Here are five books that I read between March 31 and May 14, 2021, in the order that I completed them:
The Duke and I by Julia Quinn402 pages
My book club watched Netflix's Bridgerton around the time it was released. I couldn't finish the show (I think I made it about halfway, to the duel episode) because I found the depiction of race to be too confounding and also I just wasn't that interested in most of the characters. However, we decided to read The Duke and I as part of our ongoing project to find a romance novel that we can all enjoy.
The story is about Daphne Bridgerton, eldest sister but fourth sibling of the Bridgerton family, who is looking for a husband in Regency England. Everyone is rich and gorgeous and there is also a gossip columnist called Lady Whistledown. Daphne gets involved with an old friend of her brother's, who has recently inherited the title of Duke from his asshole father.
To my very extreme astonishment, I enjoyed this book a lot. It is absolutely not a perfect book: everyone is too quippy and also everyone is constantly threatening to murder other people (in a non-serious, but sort of serious way) which is... odd? And yet it has this core of fun in it that I found really hard to resist. There is an issue of consent in the book that I think could have been avoided altogether by the reality of fertility, and also Daphne suffers from not-like-other-girlsitis, but other than that it was just so relaxing to read this book. I've since read the second in the series, which I'll be addressing in a future post, and have the third on hold at the library. I can barely believe it either.
The House of Small Shadows by Adam Nevill375 pages
A horror novel that started off strong and then descended into absolute incomprehensible chaos, but not in a good way. The main character here is a woman in her thirties who clearly has a pretty loose grasp on reality and sanity after some extreme bullying and other incidents in her youth and some more recent workplace and relationship struggles. She is an antique appraiser or something of the sort, and she gets called in to catalogue a collection of various items for sale by the descendent of a well-known but reclusive taxidermist.
I dunno exactly what was going on here and where it went so wrong. The protagonist, whose name I unfortunately can't recall at the moment, is really well-developed and interesting. She's an excellent unreliable narrator. But then I think Nevill just had too many ideas that he tried to pack into one novel: taxidermy, incest (?!), religion (!?), marionettes, an old creepy house, "cruelty plays," etc. etc. With a main character as fragile as the one in this novel, I feel like the author at least needs to have a firm grasp on what is going on, and I just didn't feel that here.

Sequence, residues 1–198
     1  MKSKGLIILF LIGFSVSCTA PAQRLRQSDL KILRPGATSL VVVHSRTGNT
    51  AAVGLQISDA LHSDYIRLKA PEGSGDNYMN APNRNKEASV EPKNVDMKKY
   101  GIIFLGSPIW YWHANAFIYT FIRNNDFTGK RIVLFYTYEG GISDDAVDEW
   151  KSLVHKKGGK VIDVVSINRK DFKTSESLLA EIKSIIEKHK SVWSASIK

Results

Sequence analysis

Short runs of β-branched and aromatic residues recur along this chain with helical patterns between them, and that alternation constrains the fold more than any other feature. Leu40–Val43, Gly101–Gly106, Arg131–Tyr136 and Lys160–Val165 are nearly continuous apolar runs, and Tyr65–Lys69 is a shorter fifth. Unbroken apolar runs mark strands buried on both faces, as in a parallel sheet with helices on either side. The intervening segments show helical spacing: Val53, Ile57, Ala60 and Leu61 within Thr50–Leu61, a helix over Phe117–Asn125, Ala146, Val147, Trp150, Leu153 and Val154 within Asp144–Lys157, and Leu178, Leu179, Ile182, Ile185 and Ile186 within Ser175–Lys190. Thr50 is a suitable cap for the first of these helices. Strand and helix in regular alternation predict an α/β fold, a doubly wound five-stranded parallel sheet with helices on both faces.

Still, this had a lot of potential, and I'm inclined to give Nevill another try or two, we'll see if I get along better with one or more of his other novels.
And Then There Were None by Agatha Christie247 pages
Note: this book was formerly published under a much more problematic title, for no clear reason except that ole Aggie must've been kind of racist?
My second ever book by Agatha Christie was another one of her more famous ones, and I feel as if I liked and disliked the same things as I did with Murder on the Orient Express. Basically the characters are all very broadly drawn and the mystery isn't really possible to figure out with the clues we're given. On the other hand, I'm probably a bit bitter because I accidentally spoiled the whole thing for myself by flipping to the back to see how many pages were left and glimpsing something I shouldn't've seen.
I couldn't put it down for the whole last half.
Uzumaki: Spiral Into Horror, Vol. 3 by Ito Junji255 pages
The third and final volume of the Uzumaki horror manga finds our main characters in a town they can't escape, full of whirlwinds, gradually transforming into a spiral itself. I do find myself wondering whether Jeff VanderMeer took any inspiration from this manga for his Southern Reach Trilogy, because there are some similarities in the two works for sure.
Henry Huggins by Beverly Cleary155 pages
Looking at Beverly Cleary's bibliography after her death in late March, I realized that I had never read any of her books, and decided to remedy this by reading the very first one, Henry Huggins, published in 1950. The book is about Henry, eight years old or so, and his dog Ribsy. Each chapter is a different adventure of Henry's, with Ribsy being more or less involved. Over the course of the book, Henry does all sorts of things like losing a friend's football and therefore having to figure out how to earn enough money to buy a new one, breeding guppies, and taking Ribsy to a dog show in the park. Henry is a really charming little boy and overall I enjoyed the book.
The book is definitely aimed at an audience of children, but of course as a budding connoisseur of old children's books, I found it fascinating. So much about childhood has changed in the 71 years since this book was published. At the beginning of the book, Henry is eight years old, alone in downtown Portland with something like ten cents in his pocket, navigating his way home on a city bus.